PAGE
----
It feels rather naughty to think that we’re providing high drama and scandal to these ladies in Japan!

5. When grammar questions go wrong

We receive a huge number of ‘Ask the experts’ questions from teachers with (sometimes very specific) grammar queries. Some of these leave us completely perplexed. Here are two favourites:

I’m a Communication Coach. However I’m having difficulty if this is correct. You’re very much welcome.

Could you tell me how to use and explain what the meaning of below sentence?

Having + someone + Present Perfect

Having me dumped unexpectedly on her for a while obviously caused logistical problems.

We just wouldn’t know where to start …

6. Our funniest ever anecdote

Every teacher has a funny/embarrassing story to tell and we really do receive some great anecdotes for our Teacher anecdotes competition. It was sent in by a business-English teacher in Paris who had used a clip from the Wallace and Gromit film, The Wrong Trousers, with his class. He’d prepared the room so that only one student could see the television and had to describe what was happening to the other students. We’ll let him take over the story from here …

It was all going really smoothly until we got to the part where Wallace is lying in bed, Gromit pulls a lever, the bed rises up, Wallace slides off the bed through a hole in the floor and into his mechanical trousers.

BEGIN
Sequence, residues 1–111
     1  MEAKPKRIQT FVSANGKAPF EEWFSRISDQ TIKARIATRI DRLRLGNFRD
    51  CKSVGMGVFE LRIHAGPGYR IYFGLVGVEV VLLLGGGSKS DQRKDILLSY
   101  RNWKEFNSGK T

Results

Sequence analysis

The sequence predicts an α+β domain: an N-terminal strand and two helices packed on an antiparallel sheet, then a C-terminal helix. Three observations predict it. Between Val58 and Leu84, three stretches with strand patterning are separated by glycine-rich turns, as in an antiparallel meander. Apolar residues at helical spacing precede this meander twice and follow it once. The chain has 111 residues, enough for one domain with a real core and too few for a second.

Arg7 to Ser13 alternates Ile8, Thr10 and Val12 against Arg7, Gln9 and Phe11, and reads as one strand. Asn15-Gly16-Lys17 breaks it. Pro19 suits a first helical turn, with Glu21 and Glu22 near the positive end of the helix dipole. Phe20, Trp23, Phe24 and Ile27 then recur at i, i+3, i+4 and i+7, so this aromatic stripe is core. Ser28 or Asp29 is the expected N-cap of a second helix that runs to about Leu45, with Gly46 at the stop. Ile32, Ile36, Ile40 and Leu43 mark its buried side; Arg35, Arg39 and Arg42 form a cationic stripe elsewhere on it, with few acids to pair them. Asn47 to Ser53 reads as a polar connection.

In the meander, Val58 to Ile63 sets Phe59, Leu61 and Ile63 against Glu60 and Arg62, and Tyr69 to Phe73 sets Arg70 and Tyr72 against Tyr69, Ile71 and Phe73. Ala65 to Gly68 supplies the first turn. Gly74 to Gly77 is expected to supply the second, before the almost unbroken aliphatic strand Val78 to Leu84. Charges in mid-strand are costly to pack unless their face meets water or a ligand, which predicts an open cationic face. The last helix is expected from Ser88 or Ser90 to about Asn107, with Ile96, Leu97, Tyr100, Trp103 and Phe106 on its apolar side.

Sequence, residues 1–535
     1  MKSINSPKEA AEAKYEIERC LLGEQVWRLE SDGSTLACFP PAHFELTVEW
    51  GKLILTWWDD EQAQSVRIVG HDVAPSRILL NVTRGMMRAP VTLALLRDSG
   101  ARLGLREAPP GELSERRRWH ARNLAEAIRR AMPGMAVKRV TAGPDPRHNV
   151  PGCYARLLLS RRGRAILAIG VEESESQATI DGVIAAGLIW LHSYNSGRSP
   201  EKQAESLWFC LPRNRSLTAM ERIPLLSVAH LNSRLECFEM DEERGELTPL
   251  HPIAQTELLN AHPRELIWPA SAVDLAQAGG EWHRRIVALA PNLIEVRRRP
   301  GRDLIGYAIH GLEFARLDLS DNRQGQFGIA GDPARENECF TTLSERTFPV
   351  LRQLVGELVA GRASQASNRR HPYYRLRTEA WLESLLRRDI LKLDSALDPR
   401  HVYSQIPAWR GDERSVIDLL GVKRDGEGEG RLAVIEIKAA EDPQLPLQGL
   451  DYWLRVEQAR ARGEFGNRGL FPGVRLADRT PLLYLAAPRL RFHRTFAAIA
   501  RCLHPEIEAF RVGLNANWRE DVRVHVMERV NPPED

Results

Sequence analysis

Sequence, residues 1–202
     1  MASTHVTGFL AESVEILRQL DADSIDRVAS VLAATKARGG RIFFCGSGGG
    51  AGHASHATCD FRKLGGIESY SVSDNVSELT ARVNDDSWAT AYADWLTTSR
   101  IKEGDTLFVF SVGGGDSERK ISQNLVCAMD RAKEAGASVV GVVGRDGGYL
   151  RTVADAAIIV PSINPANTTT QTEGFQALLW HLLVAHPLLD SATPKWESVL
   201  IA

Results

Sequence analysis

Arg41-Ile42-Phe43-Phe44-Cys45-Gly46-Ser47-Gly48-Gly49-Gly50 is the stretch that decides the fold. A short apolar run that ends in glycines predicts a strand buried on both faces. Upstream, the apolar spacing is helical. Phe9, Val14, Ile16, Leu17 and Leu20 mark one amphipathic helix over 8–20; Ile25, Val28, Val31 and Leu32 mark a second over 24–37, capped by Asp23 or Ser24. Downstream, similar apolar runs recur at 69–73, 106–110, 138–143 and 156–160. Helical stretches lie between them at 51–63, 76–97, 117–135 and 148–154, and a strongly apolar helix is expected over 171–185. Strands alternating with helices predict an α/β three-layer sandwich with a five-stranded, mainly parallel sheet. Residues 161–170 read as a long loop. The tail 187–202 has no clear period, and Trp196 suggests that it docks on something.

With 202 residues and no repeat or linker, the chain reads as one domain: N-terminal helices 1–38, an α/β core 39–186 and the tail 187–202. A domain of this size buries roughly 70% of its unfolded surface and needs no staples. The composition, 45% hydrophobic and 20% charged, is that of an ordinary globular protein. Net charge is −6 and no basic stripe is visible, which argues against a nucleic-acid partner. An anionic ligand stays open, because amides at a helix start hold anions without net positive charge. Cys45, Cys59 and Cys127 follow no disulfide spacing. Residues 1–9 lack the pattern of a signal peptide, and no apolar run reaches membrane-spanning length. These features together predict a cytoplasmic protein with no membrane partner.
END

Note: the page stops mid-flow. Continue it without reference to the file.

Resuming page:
There’s a lot of describing to do here and my student had a really good stab at it, but said, “The dog pulls the man’s knob and he comes in his trousers”.

Thank you Kevin Faux; we couldn’t publish your anecdote but, rest assured, it had us rolling around for hours …

clairelucyClaire Pye and Lucy Williams, Onestopenglish Editorial Team

Published in: on January 22, 2009 at 3:36 pm  Comments (10)  
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10 CommentsLeave a comment

  1. 😉 I needed a laugh Lindsay, and you’ve given me one (and the Eds too), ta.

  2. Kevin Faux! You’re the man! I can’t stop laughing.

  3. Certainly made me smile – in fact, I almost spat coffee on my computer screen when I read the last one!
    I have to guiltily confess that assessment time at school often finds us teachers rolling around at the students’ funniest answers…

  4. Classic!

    Relieved to see none of the emails or lesson plans I’ve sent Claire Pye got in there!


  5. All done with the greatest affection, of course!

  6. Is there really a need for such lame smut on this site? I thought I was the only bloke who revelled in it!

  7. […] Six Weird and Wonderful Emails to Onestopenglish […]

  8. Well, that’s ruined Wallace and Gromit for me, for ever. Great ROFLing start to the day though…

  9. I was doing a Reading Comprehension exercises with 4th graders. The story – a party. The question “What did the children do at the party”. A child answered “Dance and Sin”.

    • LOL! What a great answer. Will remember that one.